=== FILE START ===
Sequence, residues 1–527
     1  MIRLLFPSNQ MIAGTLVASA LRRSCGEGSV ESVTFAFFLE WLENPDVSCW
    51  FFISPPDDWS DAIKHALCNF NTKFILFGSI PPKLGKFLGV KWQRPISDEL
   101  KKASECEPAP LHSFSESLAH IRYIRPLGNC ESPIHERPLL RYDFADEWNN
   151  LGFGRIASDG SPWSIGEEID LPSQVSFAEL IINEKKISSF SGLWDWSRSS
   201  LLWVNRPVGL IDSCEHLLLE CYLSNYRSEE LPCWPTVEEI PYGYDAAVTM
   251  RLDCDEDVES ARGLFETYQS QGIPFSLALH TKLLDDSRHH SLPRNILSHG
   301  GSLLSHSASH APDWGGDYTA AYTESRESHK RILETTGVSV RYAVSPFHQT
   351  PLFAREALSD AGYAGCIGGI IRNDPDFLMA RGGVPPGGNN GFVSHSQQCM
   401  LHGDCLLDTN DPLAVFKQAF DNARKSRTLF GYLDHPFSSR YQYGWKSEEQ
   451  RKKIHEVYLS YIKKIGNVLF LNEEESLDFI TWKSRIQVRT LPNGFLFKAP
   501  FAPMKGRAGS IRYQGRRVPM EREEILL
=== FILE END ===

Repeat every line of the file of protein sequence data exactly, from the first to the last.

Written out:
Sequence, residues 1–527
     1  MIRLLFPSNQ MIAGTLVASA LRRSCGEGSV ESVTFAFFLE WLENPDVSCW
    51  FFISPPDDWS DAIKHALCNF NTKFILFGSI PPKLGKFLGV KWQRPISDEL
   101  KKASECEPAP LHSFSESLAH IRYIRPLGNC ESPIHERPLL RYDFADEWNN
   151  LGFGRIASDG SPWSIGEEID LPSQVSFAEL IINEKKISSF SGLWDWSRSS
   201  LLWVNRPVGL IDSCEHLLLE CYLSNYRSEE LPCWPTVEEI PYGYDAAVTM
   251  RLDCDEDVES ARGLFETYQS QGIPFSLALH TKLLDDSRHH SLPRNILSHG
   301  GSLLSHSASH APDWGGDYTA AYTESRESHK RILETTGVSV RYAVSPFHQT
   351  PLFAREALSD AGYAGCIGGI IRNDPDFLMA RGGVPPGGNN GFVSHSQQCM
   401  LHGDCLLDTN DPLAVFKQAF DNARKSRTLF GYLDHPFSSR YQYGWKSEEQ
   451  RKKIHEVYLS YIKKIGNVLF LNEEESLDFI TWKSRIQVRT LPNGFLFKAP
   501  FAPMKGRAGS IRYQGRRVPM EREEILL